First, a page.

In the United States, the majority of the approximately 11 million college students work 20 or more hours per week (according to The Century Foundation, a progressive public policy organization that focuses on unemployment). However, this group has historically been ineligible to receive unemployment benefits – even if they lost a job that helped support them during their studies. The Pandemic Unemployment Assistance (PUA) program, which originally started as part of the CARES Act in March 2020, allowed qualified students to collect unemployment benefits. However, the PUA program ended on March 14 of this year and millions of college students are currently looking for summer jobs and part-time jobs for the fall semester.
Great news for recruiters looking to fill entry-level and part-time positions with college students and new grads? Not exactly. Remember college career fairs? Because of COVID-19, in-person recruiting operations on campuses have essentially shut down and recruiters are scrambling to adjust strategies for hiring student workers, especially now as businesses reopen in industries that rely heavily on filling high-volume roles with student employees in retail, restaurant, and entertainment industries.
If we learned anything from 2020, it’s that we always need a backup plan. For recruiters, virtual hiring events have been just that – a shift from in-person to online engagement. We’ve been working remotely for over a year and we’ve gotten good at it, using virtual meeting platforms that we hadn’t thought about before the shutdown last year, discovering new and unique features that fit our strategy for reaching candidates.
There have been positives in the shift to virtual career events: they give a more diverse group of students an opportunity to engage with potential employers. Virtual events allow us to reach students outside of our direct geographic area earlier (students on campus planning to go home for the summer, for example), they level the playing field for neurodiverse candidates, and they can be done with a much smaller budget, allowing us to put our allocated spend into promoting the virtual event and our employer brand.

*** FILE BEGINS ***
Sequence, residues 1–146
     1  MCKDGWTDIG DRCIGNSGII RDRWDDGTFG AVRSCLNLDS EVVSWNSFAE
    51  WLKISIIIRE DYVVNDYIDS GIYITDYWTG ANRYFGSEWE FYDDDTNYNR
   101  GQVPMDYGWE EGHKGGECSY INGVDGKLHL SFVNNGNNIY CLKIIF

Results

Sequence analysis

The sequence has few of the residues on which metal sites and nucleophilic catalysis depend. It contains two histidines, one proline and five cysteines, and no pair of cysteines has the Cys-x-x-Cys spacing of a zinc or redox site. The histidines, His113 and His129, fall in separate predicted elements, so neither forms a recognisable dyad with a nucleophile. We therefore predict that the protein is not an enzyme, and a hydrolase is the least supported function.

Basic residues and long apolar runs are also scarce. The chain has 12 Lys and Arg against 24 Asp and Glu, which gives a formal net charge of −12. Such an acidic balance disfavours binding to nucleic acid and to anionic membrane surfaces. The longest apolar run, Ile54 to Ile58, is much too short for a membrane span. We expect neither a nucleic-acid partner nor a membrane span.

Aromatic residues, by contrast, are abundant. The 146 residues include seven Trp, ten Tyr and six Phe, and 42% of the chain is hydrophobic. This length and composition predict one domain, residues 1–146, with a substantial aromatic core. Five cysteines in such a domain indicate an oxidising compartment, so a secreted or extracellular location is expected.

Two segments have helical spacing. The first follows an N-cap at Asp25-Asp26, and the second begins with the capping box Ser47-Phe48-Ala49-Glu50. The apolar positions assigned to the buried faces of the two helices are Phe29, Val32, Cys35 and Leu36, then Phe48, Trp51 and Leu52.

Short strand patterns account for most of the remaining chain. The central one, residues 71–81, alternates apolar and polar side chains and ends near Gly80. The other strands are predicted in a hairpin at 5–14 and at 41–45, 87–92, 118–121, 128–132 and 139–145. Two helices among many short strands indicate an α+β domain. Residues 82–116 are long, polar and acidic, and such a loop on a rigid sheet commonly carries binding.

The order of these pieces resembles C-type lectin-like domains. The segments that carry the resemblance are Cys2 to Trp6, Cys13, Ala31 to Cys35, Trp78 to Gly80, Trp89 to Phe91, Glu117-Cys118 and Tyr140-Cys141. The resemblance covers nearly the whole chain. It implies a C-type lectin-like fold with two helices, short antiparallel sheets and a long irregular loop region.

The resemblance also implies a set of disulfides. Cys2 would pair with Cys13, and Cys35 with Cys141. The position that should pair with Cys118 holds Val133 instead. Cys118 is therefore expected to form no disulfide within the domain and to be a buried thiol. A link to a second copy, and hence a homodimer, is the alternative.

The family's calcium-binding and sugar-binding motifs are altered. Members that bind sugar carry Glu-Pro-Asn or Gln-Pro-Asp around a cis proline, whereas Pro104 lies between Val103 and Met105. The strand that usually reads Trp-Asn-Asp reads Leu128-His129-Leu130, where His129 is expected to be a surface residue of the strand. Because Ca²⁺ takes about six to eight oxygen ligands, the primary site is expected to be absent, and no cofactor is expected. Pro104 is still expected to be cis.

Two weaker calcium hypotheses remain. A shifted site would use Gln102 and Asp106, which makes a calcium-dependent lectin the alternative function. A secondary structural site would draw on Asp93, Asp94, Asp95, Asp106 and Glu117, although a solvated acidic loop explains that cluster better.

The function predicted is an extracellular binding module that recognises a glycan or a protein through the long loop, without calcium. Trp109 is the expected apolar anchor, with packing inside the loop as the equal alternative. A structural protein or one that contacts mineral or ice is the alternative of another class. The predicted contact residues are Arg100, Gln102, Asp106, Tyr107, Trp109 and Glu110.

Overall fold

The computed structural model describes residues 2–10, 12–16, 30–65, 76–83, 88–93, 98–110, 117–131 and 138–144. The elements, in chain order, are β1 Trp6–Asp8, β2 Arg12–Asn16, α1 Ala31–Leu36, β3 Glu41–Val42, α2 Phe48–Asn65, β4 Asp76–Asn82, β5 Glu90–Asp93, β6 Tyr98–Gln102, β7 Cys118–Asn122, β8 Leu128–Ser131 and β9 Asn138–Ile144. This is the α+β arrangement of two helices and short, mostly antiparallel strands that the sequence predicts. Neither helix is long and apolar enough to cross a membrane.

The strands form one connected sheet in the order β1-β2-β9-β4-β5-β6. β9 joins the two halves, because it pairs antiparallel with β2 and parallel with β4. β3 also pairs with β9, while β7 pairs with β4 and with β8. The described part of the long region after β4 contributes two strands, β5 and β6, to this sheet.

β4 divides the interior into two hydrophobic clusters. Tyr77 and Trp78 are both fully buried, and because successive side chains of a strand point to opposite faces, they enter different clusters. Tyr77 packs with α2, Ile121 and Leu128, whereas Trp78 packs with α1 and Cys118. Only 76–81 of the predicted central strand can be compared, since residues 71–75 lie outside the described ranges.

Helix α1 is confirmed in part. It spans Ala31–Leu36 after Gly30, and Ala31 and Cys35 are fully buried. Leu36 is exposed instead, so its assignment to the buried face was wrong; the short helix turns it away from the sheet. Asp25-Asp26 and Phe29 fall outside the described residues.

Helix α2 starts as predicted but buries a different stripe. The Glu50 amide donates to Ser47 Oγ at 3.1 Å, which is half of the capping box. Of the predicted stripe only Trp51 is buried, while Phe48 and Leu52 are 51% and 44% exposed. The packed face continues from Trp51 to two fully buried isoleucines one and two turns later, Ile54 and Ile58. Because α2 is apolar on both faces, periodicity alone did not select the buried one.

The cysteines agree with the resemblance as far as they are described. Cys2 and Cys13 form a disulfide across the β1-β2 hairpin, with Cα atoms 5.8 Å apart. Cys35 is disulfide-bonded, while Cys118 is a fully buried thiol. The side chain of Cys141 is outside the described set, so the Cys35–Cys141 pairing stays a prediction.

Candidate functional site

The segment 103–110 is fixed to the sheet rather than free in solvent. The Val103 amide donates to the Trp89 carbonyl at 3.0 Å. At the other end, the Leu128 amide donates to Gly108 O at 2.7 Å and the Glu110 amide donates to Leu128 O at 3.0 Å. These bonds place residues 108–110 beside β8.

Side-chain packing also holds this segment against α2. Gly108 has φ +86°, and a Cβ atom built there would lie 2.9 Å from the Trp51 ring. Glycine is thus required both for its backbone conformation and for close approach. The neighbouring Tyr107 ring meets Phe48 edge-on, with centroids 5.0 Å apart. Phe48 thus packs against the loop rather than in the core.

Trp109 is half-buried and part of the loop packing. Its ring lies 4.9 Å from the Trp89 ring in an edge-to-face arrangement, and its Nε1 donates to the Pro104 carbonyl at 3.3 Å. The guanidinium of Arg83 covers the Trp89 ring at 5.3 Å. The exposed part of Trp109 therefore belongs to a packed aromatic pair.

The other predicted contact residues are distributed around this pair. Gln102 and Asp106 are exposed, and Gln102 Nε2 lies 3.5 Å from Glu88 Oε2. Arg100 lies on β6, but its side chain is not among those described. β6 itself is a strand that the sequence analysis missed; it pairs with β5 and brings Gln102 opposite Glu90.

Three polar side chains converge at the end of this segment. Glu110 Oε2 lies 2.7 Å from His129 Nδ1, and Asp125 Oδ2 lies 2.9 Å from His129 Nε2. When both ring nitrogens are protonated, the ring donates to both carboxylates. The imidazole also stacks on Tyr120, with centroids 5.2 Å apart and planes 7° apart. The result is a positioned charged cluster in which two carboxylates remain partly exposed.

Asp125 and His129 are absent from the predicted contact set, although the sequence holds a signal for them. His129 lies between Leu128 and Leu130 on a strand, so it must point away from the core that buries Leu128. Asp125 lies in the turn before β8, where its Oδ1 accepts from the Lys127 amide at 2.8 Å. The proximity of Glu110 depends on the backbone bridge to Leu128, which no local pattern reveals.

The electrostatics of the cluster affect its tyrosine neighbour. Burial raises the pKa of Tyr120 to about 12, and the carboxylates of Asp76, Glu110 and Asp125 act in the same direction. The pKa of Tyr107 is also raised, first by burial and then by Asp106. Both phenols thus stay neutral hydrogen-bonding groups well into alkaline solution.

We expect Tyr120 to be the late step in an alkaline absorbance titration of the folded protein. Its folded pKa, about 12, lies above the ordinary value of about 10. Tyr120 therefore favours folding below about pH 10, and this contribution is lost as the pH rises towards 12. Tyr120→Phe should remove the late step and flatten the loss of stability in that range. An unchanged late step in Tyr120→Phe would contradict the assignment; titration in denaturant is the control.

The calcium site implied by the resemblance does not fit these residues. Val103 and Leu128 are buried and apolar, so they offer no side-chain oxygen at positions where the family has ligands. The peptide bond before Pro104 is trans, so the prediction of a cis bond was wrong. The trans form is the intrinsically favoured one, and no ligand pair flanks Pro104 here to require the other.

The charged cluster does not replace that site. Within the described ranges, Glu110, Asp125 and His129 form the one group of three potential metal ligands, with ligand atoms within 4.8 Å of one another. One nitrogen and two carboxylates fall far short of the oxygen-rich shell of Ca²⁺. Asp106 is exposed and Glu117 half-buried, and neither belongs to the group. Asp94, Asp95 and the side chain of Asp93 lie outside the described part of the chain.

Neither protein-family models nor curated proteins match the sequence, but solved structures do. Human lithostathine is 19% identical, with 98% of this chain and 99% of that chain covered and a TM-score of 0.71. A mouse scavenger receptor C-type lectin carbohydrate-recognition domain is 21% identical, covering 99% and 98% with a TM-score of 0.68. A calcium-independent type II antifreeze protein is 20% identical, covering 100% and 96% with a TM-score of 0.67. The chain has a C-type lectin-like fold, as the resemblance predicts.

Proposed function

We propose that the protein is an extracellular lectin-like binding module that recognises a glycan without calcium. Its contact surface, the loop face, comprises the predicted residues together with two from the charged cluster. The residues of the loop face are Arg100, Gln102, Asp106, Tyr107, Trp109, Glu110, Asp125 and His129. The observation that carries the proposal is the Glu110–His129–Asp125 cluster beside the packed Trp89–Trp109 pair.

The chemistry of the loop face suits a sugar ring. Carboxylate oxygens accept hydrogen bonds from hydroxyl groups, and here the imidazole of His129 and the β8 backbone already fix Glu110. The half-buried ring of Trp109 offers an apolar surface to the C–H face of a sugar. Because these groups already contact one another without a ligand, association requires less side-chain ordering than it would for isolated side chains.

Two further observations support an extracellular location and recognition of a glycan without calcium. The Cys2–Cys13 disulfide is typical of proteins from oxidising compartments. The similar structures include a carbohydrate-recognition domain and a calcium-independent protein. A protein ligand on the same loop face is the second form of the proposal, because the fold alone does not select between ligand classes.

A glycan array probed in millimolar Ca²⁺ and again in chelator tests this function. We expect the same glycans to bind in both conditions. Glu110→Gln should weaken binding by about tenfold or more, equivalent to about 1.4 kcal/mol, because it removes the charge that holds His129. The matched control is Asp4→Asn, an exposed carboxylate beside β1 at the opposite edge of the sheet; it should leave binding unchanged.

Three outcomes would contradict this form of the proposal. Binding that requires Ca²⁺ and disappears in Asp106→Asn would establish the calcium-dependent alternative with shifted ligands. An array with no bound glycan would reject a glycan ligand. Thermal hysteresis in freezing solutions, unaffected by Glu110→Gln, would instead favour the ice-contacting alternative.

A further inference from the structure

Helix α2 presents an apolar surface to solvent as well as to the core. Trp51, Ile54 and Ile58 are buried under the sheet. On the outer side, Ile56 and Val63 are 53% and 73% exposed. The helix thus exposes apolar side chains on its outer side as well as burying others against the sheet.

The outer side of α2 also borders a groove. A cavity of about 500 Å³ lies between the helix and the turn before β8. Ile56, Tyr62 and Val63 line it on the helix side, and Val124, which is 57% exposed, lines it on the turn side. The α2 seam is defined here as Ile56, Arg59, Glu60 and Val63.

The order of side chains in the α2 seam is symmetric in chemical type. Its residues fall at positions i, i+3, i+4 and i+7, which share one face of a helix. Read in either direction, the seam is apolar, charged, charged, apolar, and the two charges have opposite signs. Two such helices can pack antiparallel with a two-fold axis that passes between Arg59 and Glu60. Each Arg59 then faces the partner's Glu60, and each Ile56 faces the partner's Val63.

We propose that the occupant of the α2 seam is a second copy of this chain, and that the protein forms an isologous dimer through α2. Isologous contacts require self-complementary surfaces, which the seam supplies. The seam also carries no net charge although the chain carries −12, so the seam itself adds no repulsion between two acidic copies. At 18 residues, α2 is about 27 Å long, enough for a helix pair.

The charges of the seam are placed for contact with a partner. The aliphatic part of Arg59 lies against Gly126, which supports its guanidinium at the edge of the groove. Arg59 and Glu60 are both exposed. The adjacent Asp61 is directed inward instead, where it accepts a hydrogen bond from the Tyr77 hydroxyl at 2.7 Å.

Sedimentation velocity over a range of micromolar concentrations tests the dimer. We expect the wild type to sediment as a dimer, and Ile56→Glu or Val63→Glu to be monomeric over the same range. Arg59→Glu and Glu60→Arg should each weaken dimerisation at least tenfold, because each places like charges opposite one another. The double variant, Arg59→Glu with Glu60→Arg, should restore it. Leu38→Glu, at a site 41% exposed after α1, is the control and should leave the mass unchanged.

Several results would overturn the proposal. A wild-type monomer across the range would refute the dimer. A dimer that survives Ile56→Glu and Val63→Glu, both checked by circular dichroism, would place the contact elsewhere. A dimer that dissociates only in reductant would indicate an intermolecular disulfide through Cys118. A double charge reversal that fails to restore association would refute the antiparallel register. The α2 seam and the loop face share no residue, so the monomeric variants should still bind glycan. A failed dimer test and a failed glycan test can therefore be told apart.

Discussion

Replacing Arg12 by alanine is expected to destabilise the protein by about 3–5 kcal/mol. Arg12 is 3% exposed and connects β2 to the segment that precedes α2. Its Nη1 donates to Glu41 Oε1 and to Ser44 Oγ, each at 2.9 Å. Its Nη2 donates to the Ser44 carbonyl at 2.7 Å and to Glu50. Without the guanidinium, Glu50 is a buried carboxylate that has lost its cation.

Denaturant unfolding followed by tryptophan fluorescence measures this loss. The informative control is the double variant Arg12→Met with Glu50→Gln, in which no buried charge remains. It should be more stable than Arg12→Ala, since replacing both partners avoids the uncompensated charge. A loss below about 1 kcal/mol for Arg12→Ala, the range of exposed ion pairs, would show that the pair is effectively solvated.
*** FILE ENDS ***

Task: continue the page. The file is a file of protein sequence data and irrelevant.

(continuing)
While college campuses are holding virtual career fairs (and you can reach out to the same event contacts who organized on campus career fairs), many companies are getting results by holding their own. Virtual job fairs can bring hundreds or thousands of high-quality candidates together into one virtual room when done right.
Reaching the student demographic is going to be slightly different from a general hiring event. You’re looking for part-time, entry-level candidates, who typically do not search job boards by title – they search by geographic area and industry. You can still take advantage of the fact that a virtual event costs less and you can direct more of your budget into online advertising that is highly targeted, but your reach will be broader than for a skilled position.
How to Develop Candidate Personas When Recruiting
A few big differences on this demographic versus skilled or white collar workers that you’ll need to consider when developing your candidate persona (student, entry-level, part-time, seasonal):
- More likely to attend a virtual event via a mobile device
- Willing to use text-to-apply
- Unwilling to sit through long, drawn out presentations
- Eager to speak with a hiring manager on the spot
- Expecting a rapid response
With that in mind, make sure your virtual event is mobile-first and friendly and that you have shortcodes for text apply. Many technology companies offer hosting platforms for webinars and chat, and these can be used for an event-specific hosted job fair. You can also set it up via any webinar platform that allows you to present to a group of registered attendees. Lose the Powerpoint and direct candidates to your amazing careers page that gives them all the information they need to decide to apply.
And finally, make sure you have recruiters and hiring managers standing by in your virtual space to chat online and answer candidate questions for a general audience, but also move the conversations into another channel for a one-on-one virtual interview.
Even with the eventual return to campuses for in-person networking events and career fairs, the lessons learned from the past year spent pivoting to virtual events and the results for recruiters are likely to remain.